Few sights are more awesome than images of the huge flares that erupt from the surface of the Sun, spewing arching streams of glowing gas hundreds of thousands of miles into space. These exploding "solar prominences" also have an important impact here on Earth; the storms of charged particles they emit can disrupt communications and even interfere with the flow of electricity through transmission lines.
Measurements and data collected from spacecraft and terrestrial observatories have provided many insights into the forces that cause these enormous events on our restless and inaccessible star. But some scientists, working in a nascent discipline called "laboratory astrophysics," won't be satisfied until they can duplicate the phenomena in their laboratories--from solar flares to the birth of stars and galaxies.
As a case in point, the flaming outburst at the left took place not on the surface of the Sun but in a laboratory at the California Institute of Technology. The events shown occurred in a 1.4- meter diameter, 2-meter long vacuum chamber. The plasma reaches a height of a mere 20 centimeters over 10 microseconds, expanding at the rate of 70 kilometers per second. The solar microcosm is photographed with CCD cameras with 10-100 nanosecond shutter speeds. But for its small size, the researchers, Paul M. Bellan and graduate student, J. Freddy Hansen, believe that their sun in a bottle is the most accurate simulation yet of the formation of a solar prominence.
The Cal Tech team, which is scheduled to reveal details of the research on November 17 in a paper at the 1998 American Physical Society Division of Plasma Physics Meeting in New Orleans, based their conclusions on the investigation of events known to plasma physicists as spheromaks. Numerical simulations of spheromaks show that they form when superheated ions, known as a plasma, become trapped in twisting tubes created by powerful magnetic fields. When two of these tubes intertwine, they become unstable--when the twisting reaches a certain point, they rapidly expand outward, just like a solar prominence.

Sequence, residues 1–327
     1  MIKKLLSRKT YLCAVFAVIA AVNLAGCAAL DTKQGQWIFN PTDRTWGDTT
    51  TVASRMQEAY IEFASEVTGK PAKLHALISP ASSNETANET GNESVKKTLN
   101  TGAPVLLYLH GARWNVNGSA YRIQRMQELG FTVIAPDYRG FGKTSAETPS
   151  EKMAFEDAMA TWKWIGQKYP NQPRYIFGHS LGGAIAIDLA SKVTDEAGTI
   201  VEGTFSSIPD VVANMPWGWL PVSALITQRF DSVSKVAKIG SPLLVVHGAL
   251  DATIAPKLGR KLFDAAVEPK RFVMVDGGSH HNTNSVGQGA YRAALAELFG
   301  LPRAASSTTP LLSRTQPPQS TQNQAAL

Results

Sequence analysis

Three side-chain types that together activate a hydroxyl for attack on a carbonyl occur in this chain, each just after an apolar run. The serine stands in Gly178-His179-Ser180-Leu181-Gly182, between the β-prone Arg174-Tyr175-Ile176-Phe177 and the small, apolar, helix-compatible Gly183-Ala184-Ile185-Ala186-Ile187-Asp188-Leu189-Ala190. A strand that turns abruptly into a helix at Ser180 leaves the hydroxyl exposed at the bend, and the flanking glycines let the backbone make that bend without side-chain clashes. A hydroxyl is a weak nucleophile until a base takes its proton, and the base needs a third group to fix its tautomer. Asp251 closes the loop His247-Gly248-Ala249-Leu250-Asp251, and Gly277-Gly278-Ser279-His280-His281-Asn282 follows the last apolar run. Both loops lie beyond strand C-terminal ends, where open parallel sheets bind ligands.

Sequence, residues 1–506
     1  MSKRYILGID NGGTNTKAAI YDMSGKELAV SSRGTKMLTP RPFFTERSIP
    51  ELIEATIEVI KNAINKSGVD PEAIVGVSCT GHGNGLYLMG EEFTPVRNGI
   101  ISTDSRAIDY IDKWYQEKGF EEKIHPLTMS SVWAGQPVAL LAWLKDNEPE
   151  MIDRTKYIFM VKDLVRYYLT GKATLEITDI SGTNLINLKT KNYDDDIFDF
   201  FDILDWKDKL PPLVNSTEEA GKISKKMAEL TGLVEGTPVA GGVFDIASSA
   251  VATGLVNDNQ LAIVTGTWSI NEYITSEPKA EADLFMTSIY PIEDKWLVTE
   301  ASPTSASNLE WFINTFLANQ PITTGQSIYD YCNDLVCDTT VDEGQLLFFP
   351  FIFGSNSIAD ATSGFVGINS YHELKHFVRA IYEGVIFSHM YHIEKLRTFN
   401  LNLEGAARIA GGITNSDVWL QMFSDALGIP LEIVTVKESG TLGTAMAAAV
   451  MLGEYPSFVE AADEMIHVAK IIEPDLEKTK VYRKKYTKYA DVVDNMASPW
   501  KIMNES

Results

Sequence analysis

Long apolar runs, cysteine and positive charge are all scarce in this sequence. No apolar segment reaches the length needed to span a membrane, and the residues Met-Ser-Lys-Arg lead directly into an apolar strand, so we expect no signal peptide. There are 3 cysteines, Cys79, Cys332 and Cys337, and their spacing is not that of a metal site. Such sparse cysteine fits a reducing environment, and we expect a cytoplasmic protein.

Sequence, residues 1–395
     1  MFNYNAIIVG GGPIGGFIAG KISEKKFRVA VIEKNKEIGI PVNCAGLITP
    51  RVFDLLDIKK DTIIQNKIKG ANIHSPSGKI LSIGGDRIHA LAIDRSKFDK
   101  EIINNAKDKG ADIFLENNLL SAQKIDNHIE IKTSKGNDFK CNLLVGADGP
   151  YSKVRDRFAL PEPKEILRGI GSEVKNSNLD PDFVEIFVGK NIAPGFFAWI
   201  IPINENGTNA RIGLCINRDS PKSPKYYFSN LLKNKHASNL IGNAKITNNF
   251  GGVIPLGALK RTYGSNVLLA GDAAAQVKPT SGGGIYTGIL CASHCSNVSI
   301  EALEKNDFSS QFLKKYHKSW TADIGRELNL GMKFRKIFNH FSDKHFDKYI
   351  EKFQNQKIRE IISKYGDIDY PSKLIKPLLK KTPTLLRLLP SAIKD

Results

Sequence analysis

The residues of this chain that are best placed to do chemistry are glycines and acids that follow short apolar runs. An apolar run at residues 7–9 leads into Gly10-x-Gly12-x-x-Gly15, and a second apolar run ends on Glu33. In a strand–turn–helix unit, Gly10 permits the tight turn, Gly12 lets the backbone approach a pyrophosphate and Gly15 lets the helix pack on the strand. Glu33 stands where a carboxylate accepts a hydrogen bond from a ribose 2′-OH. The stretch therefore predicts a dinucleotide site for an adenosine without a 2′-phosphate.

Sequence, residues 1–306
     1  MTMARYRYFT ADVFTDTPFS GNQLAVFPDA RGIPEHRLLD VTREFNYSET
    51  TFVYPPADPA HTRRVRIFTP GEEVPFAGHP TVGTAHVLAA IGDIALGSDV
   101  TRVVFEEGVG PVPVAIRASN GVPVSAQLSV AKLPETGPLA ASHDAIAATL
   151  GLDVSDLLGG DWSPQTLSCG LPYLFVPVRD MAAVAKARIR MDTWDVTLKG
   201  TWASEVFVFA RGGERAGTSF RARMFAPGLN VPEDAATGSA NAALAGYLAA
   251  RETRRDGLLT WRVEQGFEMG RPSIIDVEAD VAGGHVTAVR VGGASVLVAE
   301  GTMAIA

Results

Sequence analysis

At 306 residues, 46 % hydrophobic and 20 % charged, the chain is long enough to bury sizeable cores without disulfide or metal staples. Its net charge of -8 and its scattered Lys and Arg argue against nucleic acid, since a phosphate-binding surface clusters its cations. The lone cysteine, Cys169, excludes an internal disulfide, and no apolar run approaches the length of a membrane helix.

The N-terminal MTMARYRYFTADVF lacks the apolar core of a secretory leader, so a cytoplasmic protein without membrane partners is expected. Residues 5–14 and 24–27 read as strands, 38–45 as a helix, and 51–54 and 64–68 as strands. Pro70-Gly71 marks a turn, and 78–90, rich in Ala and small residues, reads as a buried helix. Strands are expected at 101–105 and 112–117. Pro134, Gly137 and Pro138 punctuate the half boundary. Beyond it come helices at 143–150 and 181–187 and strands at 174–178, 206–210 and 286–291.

In the lab, spheromaks are created by injecting ions through a specially designed plasma gun into a vacuum chamber. A plate carrying a very high charge simulates the surface of the sun. The currents, at hundreds of kiloamperes and voltages in the kilovolt range, are created by high energy capacitors. Microsecond switching between two electrodes causes twisting to occur in a tube of plasma that becomes trapped between the two electrodes.
The researchers report at the APS meeting that they have refined their apparatus to create the prominences and have added a two camera system which allows them to make 3-dimensional movies of the event as it takes place. Just as in the computer models, these images show development of twisted filaments that thread each other.
This tiny simulation is helping astrophysicists confirm theories and is providing important new insights into the real events that take place on the enormous scale of the sun. And if you can't get to the sun to watch the show, this is next best thing.